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I have been creating database tables using only a primary key of the datatype int and I have always had great performance but need to setup merge replication with updatable subscribers.

The tables use a typical primary key, data type int, and identity increment. Setting up merge replication, I have to add the rowguid to all tables with a newsequentialid() function for the default value. I noticed that the rowguid has indexable on and was wondering if I needed the primary key anymore?

Is it okay to have 2 indexes, the primary key int and the rowguid? What is the best layout for a merge replication table? Do I keep the int id for easy row referencing and just remove the index but keep the primary key? Not sure what route to take, Thanks.

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Remember that if you remove the int id column and replace it with a GUID, you may need to rework a good deal of your data and your queries. And do you really want to do queries like:

select * from orders where customer_id = '2053995D-4EFE-41C0-8A04-00009890024A'  

Remember if your ids are exposed to any users (often in the case of a customer because the customer table often has no natural key since names are not unique), they will find the guid daunting for doing research.

There is nothing wrong in an existing system with having both. In a new system, you could plan to not use the ints, but there is a great risk of introducing bugs if you try to remove them in a system already using them.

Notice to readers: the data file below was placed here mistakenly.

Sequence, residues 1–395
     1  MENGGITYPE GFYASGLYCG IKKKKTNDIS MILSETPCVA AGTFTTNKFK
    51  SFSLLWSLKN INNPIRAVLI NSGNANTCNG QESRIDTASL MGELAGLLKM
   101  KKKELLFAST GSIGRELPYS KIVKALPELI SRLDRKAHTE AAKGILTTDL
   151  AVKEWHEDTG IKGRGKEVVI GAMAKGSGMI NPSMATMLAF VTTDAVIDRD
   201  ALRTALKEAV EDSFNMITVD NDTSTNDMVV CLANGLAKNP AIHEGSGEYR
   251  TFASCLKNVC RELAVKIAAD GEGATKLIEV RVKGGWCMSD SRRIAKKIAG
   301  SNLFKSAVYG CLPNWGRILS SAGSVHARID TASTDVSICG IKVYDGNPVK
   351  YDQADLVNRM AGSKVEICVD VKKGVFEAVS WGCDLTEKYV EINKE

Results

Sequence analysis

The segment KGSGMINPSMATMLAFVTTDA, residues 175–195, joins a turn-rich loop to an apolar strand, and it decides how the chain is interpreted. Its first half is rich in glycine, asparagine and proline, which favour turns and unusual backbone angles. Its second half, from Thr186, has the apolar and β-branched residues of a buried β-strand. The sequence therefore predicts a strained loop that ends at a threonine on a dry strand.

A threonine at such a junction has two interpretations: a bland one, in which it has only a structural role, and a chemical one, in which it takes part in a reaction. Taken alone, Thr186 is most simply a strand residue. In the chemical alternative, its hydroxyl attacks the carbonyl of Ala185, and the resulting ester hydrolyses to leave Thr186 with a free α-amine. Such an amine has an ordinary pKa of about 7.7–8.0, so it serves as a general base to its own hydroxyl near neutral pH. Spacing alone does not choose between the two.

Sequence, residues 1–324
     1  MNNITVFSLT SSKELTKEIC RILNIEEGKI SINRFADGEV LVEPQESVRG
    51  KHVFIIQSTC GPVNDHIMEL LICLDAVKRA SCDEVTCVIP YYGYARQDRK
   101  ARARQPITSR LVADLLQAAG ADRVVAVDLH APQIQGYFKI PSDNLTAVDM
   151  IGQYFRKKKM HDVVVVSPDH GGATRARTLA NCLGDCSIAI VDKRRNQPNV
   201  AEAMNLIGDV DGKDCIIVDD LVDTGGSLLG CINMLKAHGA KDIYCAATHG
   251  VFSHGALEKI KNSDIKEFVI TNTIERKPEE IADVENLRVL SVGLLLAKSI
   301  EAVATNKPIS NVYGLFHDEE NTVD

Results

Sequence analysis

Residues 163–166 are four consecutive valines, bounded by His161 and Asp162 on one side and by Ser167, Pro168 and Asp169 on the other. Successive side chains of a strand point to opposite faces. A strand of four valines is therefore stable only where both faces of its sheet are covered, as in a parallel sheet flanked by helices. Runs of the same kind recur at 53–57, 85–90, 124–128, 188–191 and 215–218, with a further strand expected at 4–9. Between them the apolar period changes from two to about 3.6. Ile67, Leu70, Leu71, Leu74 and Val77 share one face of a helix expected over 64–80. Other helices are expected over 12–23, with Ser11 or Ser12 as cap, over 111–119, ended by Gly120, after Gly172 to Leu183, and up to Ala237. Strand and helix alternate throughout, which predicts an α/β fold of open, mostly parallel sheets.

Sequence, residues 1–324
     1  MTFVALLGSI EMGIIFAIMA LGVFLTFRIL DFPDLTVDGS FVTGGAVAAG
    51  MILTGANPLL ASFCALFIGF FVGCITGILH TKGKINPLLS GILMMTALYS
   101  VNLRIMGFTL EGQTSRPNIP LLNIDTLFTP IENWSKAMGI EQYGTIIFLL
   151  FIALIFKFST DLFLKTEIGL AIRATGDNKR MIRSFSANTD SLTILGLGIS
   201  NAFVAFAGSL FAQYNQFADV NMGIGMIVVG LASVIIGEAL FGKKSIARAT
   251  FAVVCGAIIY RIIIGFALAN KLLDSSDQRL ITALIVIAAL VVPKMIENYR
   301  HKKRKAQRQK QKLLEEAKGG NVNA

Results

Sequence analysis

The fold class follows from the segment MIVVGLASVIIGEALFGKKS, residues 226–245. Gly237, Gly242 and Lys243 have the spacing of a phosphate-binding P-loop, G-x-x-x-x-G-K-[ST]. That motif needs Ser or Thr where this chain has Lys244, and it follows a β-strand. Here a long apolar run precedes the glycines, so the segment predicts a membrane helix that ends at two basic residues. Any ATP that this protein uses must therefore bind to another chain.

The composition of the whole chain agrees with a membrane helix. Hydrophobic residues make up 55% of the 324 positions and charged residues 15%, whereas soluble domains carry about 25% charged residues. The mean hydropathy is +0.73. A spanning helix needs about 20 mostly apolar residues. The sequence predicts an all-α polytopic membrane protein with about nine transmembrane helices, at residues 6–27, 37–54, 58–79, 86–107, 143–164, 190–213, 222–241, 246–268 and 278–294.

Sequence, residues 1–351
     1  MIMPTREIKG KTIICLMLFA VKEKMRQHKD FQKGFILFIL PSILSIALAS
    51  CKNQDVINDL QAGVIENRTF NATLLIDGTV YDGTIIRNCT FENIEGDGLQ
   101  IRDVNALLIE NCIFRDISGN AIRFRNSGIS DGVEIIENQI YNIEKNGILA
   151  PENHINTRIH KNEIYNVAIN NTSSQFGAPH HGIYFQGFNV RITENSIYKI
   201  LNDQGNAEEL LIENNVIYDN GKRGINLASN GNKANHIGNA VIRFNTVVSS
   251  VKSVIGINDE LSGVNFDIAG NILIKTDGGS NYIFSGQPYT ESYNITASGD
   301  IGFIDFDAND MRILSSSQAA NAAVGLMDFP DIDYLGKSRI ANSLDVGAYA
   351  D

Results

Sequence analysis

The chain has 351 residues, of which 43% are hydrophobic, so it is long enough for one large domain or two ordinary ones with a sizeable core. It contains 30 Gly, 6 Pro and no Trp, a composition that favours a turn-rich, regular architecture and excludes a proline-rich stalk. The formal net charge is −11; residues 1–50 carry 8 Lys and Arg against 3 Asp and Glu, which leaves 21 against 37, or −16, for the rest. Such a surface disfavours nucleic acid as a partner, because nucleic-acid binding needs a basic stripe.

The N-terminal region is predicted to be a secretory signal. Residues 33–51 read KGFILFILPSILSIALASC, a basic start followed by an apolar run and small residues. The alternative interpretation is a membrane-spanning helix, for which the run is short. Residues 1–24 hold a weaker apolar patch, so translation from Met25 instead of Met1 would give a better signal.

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Thanks so much for the help. I am thinking of starting over because I don't want any future problems so is using only the rowguid and acceptable design? should I set the rowguid as a primary key? and lastly does the column have to be name rowguid for replication or can I just name it user_id? Once again thank you so much for your help. – Phxmobdev Developer Jan 9 '12 at 22:18

The only downside of replacing the integer primary key with the guid (that I know of) is that GUIDs are larger, so the btree (index space used) will be larger and if you have foreign keys to this table (which you'd also need to change) a lot more space may end up being used across (potentially) many tables.

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